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Last Sunday our team of enthusiastic volunteers helped to rebuild a collapsed wall near Northcott beach.
The wall has been eroded over the years by sheep and people climbing on it.
The area was prepped by the ranger team, who brought in large amounts of stone. A digger was used to excavate the collapsed hedge, and earth was moved for the largest stones to be put in as foundations.
The team started working on the hedge, carefully placing each stone in the right position. Earth was then compacted behind the stones.
Good progress was made. What looked like a construction site is now a magnificent traditional Cornish Hedge.
The hedge has been a boundary for several centuries helping to keep livestock out. It is a great habitat for wildlife – small mammals burrow in the crevices, and it is a refuge for flowering plants and invertebrates seeking shelter from the relentless Atlantic coast.
To join us on any of our conservation volunteer days please contact the Boscastle to Morwenstow Ranger team on 01288331372 or email@example.com
Over the last few weeks we’ve been going batty at Pentireglaze with three bat night events.
The evening starts with everyone cooking their favourite BBQ food, then whilst chomping on their dinner they listen to a talk about British bats, including the common pipistrelle which is our most common bat and can be seen both in the countryside and in built-up areas, as well as learning about the greater horseshoe bat.
At sunset everyone makes their way up to the cliff top to see greater horseshoe bats emerge from their roost. One of our guests, Erik Raphael managed to capture a bat in flight, a few times, a great achievement as they fly so fast and with a phone camera! Well done Erik and thanks for sharing.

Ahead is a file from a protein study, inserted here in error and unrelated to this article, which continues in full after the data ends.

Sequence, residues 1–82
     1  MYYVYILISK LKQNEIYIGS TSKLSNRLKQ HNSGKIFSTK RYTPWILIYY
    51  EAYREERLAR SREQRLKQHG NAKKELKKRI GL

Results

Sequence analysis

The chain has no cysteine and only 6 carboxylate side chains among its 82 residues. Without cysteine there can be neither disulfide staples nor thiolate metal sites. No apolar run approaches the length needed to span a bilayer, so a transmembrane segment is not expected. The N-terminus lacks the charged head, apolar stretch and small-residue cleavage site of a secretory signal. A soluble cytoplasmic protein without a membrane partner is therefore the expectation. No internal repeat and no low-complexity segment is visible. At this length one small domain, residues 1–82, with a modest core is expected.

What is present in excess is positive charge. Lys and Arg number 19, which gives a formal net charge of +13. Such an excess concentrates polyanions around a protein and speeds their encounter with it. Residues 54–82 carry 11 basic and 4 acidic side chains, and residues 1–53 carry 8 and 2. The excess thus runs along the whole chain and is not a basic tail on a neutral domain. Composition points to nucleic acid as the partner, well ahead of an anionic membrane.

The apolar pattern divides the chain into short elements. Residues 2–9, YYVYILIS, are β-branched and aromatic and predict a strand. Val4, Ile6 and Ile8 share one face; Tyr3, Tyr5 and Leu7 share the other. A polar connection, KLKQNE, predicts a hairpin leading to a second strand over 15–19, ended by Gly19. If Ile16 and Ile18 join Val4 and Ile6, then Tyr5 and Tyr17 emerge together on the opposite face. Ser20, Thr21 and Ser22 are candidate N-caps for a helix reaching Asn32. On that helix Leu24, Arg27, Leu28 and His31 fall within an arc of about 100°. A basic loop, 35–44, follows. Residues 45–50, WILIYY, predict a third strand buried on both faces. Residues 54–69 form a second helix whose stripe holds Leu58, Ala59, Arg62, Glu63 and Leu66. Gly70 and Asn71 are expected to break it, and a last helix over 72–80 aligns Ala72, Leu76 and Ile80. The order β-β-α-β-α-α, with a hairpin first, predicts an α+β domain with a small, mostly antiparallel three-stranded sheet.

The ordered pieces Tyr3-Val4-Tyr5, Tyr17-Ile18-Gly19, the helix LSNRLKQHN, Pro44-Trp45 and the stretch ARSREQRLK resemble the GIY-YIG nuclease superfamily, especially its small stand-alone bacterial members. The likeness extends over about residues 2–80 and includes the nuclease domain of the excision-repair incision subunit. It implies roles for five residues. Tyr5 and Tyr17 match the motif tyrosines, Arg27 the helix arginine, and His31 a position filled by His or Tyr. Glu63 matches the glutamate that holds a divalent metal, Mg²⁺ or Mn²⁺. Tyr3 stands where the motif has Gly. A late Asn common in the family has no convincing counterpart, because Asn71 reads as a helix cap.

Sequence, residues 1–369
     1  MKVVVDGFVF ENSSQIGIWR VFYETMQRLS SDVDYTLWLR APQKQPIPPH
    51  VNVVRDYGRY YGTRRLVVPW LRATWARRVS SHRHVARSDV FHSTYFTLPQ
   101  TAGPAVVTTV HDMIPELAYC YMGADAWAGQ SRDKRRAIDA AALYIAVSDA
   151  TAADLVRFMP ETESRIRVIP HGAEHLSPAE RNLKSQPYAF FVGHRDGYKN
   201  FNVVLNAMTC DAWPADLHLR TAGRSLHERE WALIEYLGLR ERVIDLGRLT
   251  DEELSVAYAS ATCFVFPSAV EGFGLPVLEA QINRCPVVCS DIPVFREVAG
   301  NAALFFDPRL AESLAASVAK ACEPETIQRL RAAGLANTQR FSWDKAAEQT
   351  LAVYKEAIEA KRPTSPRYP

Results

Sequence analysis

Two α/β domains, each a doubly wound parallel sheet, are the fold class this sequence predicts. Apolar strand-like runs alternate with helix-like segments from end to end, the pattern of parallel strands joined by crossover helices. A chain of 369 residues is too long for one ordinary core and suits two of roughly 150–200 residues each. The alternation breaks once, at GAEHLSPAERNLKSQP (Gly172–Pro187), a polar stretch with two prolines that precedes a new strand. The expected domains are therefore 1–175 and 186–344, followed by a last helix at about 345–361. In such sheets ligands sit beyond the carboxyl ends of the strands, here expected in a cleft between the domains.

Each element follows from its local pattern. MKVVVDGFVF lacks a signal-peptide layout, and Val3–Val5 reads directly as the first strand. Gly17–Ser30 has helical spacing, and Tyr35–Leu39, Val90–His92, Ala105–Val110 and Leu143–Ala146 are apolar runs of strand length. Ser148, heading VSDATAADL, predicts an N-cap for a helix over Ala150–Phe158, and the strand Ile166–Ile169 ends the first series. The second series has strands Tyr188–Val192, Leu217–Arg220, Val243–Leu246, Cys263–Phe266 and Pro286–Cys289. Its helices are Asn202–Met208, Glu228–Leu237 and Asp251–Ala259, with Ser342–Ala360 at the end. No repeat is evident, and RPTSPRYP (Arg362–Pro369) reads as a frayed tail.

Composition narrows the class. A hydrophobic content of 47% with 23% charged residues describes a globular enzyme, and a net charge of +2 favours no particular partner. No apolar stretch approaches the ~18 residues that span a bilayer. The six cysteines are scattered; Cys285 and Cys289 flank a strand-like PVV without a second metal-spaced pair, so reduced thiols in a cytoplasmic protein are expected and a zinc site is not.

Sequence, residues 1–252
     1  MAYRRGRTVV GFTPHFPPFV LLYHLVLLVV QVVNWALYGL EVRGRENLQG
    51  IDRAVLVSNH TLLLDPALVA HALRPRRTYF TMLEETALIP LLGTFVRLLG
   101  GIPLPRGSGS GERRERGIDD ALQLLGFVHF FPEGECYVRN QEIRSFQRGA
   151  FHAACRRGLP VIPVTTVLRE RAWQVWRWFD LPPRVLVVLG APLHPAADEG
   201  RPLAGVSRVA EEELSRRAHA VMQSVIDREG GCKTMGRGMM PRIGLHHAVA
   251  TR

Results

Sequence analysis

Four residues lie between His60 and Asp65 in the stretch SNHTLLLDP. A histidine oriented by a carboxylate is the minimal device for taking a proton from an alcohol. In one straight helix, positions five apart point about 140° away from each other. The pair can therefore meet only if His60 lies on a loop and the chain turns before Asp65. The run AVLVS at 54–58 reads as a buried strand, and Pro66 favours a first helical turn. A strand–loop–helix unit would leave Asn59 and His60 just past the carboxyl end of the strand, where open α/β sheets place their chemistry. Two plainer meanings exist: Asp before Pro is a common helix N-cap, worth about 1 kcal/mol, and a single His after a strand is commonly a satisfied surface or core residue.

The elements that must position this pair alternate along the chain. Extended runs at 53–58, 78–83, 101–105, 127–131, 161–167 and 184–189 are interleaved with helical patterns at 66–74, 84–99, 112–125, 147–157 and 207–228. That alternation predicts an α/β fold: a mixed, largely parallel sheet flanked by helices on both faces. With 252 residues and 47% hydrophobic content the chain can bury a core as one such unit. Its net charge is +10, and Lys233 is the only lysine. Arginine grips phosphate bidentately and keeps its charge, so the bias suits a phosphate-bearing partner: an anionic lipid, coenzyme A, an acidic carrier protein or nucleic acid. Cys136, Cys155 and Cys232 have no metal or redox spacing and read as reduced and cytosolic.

We had bat detectors with us so we could hear their echolocation and that of the common pipistrelle which like to feed in the area too. With over 100 greater horseshoe bats coming out of their roost to feed it is a wonderful sight. And they fly close to us, but don’t land in our hair! They’re far too clever and fast for that.
If you missed out this year there will be a chance to learn about bats and see our greater horseshoes again next summer, just check out our events tab in spring next year and then book early as its a very popular event.
Sarah Stevens, Ranger, Tintagel to Holywell
Are you an experienced green-fingered person with a love of special places? If so, this position at Tintagel Old Post Office NT could be for you.
The back garden of the OPO is a tranquil setting that offers a relaxing escape from the busy high street. It changes dramatically with the seasons and receives continual positive feedback from visitors.
At the front, the garden helps set the scene and frames the house in a way that invites.
This is a permanent, paid position, 7.4 hours a week, £9.62 p/h with fantastic career benefits and development opportunities.
For more information about the role and to apply, please visit http://www.nationaltrustjobs.org.uk/join-us and search for job reference IRC27244 or postcode search PL34 0DB.
The closing date for applications is 24 August 2015
This August as part of our Coast Festival we’ll be getting stuck into some coast themed art sessions at Holywell, just south of Newquay (TR8 5PF). Using a variety of medias; willow, paint, sand and plaster to name a few, we’ll be reinvigorating the wooden fence bordering the footpath on the way to the beach.